Sarah and I met in grad school. Never really had much in common back then. She was the typical overachiever, the one everyone resented. Talented, beautiful, smart, and from what I can remember, a total snob.
I on the other hand was barely making it through, working two jobs, pissing off half the school faculty.
“Ethan, if you don’t think this is interesting enough to actually stay awake, why don’t you go home?”
I bumped into Sarah a few years later. After a short chat, she pulled out her business card.
“We should get together sometime, catch up.”
I looked at the card. “New York Times Reporter.” Can’t say I was shocked. Even among Ivy-Leaguers she stood out, a demigod in a room full of mortals.
I gave her my number in return, suspicious, like a driver exchanging insurance information after a car accident. Two days later, a call. Would I like to go out for dinner?
We met at a West Village café at 8:00 pm, by 8:15 we had nothing to say. I think we both realized there were no sparks, no magic, no chemistry, just simple physics.
“Should we get the check?” I finally asked. I could tell she was thinking the same thing.
As I walked her home, not an unusual question.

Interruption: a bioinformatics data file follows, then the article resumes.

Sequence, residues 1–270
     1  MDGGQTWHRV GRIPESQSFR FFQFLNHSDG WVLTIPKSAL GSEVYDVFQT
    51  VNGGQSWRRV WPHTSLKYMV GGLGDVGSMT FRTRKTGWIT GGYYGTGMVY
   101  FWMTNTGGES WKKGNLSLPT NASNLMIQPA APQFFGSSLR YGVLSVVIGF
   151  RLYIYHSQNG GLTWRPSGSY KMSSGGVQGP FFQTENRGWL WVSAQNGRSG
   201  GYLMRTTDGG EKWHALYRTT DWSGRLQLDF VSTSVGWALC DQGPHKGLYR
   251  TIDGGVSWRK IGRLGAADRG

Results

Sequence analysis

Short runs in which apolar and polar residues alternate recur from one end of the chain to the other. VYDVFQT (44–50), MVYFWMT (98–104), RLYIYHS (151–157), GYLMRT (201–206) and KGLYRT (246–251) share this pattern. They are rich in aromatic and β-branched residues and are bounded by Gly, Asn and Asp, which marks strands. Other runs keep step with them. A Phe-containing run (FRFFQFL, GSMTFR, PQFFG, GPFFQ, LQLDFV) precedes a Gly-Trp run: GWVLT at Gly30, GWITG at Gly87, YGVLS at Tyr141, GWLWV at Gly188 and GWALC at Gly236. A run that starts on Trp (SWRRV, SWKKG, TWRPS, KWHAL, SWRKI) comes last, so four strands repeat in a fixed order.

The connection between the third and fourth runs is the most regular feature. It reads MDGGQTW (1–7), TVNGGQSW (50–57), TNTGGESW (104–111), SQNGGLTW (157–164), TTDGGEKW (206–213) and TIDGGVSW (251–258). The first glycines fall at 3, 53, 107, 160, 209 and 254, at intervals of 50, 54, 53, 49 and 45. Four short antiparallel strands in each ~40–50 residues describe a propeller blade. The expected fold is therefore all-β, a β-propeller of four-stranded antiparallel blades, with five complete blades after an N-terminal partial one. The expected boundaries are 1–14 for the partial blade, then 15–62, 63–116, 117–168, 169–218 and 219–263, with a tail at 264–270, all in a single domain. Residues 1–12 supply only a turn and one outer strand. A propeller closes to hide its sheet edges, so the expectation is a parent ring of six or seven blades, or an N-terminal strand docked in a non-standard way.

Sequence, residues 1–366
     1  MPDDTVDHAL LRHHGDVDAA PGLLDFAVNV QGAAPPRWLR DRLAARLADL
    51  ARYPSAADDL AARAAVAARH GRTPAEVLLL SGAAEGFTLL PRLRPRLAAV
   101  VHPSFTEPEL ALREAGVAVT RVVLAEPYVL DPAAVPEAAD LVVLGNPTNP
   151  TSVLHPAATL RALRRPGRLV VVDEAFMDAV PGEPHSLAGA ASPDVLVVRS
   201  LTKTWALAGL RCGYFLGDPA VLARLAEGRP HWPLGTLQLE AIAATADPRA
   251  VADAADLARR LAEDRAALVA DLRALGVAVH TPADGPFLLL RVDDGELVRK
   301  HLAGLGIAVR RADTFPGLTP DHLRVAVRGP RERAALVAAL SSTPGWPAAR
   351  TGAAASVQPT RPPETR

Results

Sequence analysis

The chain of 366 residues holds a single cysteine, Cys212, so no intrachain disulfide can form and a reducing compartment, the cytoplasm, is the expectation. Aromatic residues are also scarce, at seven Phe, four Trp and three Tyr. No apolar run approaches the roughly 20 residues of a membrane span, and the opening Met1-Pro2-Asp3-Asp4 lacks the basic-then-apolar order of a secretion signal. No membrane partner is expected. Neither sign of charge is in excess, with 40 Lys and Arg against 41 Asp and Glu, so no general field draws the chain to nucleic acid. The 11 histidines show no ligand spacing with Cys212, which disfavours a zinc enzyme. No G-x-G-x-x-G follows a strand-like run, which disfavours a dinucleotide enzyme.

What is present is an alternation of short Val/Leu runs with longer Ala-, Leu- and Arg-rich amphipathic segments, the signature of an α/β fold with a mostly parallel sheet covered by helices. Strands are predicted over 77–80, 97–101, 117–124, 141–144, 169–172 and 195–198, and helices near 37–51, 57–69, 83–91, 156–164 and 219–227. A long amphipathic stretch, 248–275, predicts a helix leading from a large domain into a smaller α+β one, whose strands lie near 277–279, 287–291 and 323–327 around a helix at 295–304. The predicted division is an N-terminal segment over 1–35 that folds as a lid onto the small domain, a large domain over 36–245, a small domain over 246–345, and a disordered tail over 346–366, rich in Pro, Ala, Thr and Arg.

“So do you keep in touch with anyone?”
I mentioned a few people, a blank look on her face.
“You?” I ask back.
Not one name I recognized.
“We didn’t hang out in the same circles, did we?” She says.
“Why is that?”
“Because you were kind of a bitch.”
She stops, dead in her tracks.
“I can’t believe you just said that.”
I couldn’t believe it either. One of those moments in life you wish you had more control over the synapses between your brain and your tongue. I was expecting a well-deserved slap in the face, but instead, amusement in her eyes. Magic, ignited.
This weekend, I was invited to her wedding party. Great guy. Nice, smart, successful, handsome. A man. Sarah, a glowing bride. A Fifth Ave. apartment, an upper-crust toast, industrial-size diamonds, Degas' ballerinas stretching on the wall. The white of pearls, the smell of old money, a foreign land, Sarah’s world.
“How are you?” She asked as she made her way through the crowd.
“Uncomfortable, but happy to see you happy.”
“I’m so glad you could make it.”
“Oh, and your husband, hot.”
She laughs. By now she’s used to my thoughts shooting out of my mouth. She knows I mean well.
“Tell her what you just said to me,” she says pointing at a lovely woman standing next to her, gray hair, kind face, living under her eyes.
“If he weren’t straight,” I say, “I’d be all over him, like a cheap suit.”
The lady smiles.
“He is handsome isn’t he?”
“How do you know Sarah?”
“We went to school together.”
“What’s your relation?”
“I’m her mother in-law.”
I look at Sarah. She’s laughing so hard, holding her stomach. I’d say something but the lovely lady is still in hearing range. So I mouth it instead.